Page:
The best places to see the eclipse in France

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The best places to see the eclipse in France
A child in Marseille enjoys an eclipse in 2006. Photo: AFP

On Friday France will witness the most spectacular solar eclipse in ten years. The Local fills you in on everything you need to know if you're planning to watch it and why everyone should head to the western city of Brest.


For a live look at what's going on, including videos and reader pics, click here
What’s happening?
On the morning of Friday, March 20th, Europe will be plunged into almost darkness during the most complete solar eclipse in ten years, when the moon passes in front of the sun. France last witnessed a solar eclipse in 2005. In 1999 Europe witnessed the last total eclipse of the previous millennium. 
When is it happening?
The eclipse can be seen in Paris between 9.23am and 11.41am on Friday March 20th. The sun will be the most covered at 10.30am, as seen in the graph below. 

(Graphics from
Elsewhere, the timing will vary ever-so slightly, as shown in the graph below. (Maximum is the time when the eclipse is at its fullest, obs shows the percentage of the sun that will be covered, h is the height of the sun, and début and fin are the start and end times.)
Will it even be that impressive?
It is not a total eclipse, so the effect will be much more gradual than an end-of-the-world plunge into darkness. But still, those in northern France will be able to enjoy an eclipse of over 80 percent, meaning less than a fifth of the sun will be visible.
If the weather is good, the city of Brest on the north-west coast has been tipped as a prime contender for best spot to see the spectacle unfold. Anywhere along the north coast has also been suggested as good back up options. 
Here is how much of the sun will be covered as viewed from some of the biggest cities around France.
  • Paris: 77.8 percent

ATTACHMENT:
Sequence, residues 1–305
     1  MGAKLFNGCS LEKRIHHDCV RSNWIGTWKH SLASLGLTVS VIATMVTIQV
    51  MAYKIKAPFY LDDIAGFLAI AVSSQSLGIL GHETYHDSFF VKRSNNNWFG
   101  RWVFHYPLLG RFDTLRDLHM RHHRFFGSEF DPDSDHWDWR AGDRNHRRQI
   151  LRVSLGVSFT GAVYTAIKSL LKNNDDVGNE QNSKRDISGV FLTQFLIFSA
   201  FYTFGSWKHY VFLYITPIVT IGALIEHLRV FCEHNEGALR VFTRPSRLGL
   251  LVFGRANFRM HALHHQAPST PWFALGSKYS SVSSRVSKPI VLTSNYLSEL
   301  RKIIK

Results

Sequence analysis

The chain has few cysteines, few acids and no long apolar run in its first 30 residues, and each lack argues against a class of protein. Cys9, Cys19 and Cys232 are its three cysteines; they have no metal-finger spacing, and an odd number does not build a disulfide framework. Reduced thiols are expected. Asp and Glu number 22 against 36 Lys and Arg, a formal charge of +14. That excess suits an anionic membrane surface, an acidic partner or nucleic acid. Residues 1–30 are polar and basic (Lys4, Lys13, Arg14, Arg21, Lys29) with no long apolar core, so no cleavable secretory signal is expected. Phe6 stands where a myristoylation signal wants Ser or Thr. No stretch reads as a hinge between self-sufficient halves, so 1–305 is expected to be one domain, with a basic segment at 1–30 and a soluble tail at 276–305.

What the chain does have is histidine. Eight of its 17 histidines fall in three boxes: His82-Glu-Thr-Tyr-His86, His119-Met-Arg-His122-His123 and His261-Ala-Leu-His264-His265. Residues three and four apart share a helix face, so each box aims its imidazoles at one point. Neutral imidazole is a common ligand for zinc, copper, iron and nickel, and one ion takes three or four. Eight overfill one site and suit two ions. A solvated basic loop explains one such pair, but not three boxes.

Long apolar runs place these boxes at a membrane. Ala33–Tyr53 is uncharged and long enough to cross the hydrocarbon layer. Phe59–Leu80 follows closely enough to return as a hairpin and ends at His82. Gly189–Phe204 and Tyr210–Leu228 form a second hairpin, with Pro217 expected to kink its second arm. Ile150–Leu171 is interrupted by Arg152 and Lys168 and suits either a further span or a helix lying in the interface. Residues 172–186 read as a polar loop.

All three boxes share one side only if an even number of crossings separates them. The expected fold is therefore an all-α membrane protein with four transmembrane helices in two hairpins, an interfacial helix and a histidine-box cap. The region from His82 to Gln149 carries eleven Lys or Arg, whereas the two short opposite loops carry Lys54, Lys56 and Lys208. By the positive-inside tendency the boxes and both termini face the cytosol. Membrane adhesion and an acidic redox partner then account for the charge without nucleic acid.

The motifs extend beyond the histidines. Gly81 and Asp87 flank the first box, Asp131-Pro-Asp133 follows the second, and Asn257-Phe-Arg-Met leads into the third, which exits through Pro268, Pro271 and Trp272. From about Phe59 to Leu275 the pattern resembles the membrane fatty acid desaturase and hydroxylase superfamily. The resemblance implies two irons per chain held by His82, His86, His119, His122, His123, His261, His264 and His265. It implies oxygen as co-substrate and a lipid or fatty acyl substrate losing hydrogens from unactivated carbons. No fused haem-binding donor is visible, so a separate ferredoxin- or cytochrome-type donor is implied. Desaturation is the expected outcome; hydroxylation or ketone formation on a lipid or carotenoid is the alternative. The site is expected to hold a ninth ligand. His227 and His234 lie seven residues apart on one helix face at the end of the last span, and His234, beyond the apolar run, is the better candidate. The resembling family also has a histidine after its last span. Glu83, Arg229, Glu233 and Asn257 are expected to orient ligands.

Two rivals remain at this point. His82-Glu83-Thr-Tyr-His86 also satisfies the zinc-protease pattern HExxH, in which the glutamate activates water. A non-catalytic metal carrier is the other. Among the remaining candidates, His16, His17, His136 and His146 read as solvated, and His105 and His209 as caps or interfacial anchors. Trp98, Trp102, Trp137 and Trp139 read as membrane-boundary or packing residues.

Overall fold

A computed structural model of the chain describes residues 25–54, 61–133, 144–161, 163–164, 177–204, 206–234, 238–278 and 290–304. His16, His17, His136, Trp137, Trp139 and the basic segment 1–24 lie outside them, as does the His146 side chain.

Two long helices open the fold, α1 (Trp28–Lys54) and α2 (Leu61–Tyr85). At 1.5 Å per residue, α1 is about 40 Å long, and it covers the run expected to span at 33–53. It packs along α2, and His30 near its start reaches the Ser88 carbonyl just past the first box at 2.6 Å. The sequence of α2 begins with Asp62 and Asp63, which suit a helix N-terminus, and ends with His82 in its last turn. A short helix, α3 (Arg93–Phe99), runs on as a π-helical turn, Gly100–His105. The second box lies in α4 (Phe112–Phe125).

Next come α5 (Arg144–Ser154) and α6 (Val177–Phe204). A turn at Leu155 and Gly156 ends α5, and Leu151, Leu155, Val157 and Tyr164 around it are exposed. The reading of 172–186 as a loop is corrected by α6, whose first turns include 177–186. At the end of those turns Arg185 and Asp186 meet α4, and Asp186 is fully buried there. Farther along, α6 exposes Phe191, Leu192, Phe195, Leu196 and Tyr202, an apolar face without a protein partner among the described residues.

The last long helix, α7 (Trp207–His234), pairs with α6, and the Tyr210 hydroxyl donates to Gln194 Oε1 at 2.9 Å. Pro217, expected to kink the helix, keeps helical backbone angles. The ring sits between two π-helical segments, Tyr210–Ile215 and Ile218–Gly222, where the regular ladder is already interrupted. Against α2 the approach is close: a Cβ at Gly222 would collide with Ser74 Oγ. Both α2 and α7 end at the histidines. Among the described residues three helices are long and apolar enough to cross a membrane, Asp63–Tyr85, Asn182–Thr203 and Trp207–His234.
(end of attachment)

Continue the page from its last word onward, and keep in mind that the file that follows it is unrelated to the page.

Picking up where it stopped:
• Marseille: 64.3 percent
  • Bordeaux: 72.9 percent
  • Lille: 83.4 percent
  • Lyon: 69.8 percent


How should I watch it?

You should watch the eclipse through special eclipse glasses, never look directly into the sun. Alternatively, click here for a handy guide on how to make a pinhole viewer, another way to safely watch the eclipse.
Is it too late to buy some in France?
You better get shopping now, they're selling out. In the Astroshop store, a staff member told the 20 Minutes newspaper that no one had anticipated such a demand for the glasses.
"We could never have expected such a hype, especially considering it's just a partial eclipse," he said, noting that the next total eclipse won't be until 2081. 
Is there any danger of losing electricity?
The European Network of Transmission System Operators for Electricity has noted that there is a "risk" of an incident considering that there is 100 times more power coming from solar powers today than during the last eclipse in 1999. 
If the morning of March 20th turns out to be very sunny -- before the eclipse hides the sun -- the sudden drop-off in production could reach 34,000 Megawatts, the equivalent of 80 medium-sized conventional power plants, noted the AFP news agency.

(Photo: Jalal Hameed Bhatti/Flickr)
If there is a problem, however, it will most likely be in Germany where there is a solar power capacity of 40,000 MW and where 18 percent of electricity consumption last year came from solar power.
France with its 5,700 MW also has a significant solar power industry, but operators are already bolstering their teams in the anticipation of any problems. They will boost reserves from the usual 1,000 MW to 1,700 MW to keep on the safe side. 
Still confused?
For those of you who want a more graphic example of Friday's eclipse, look no further...


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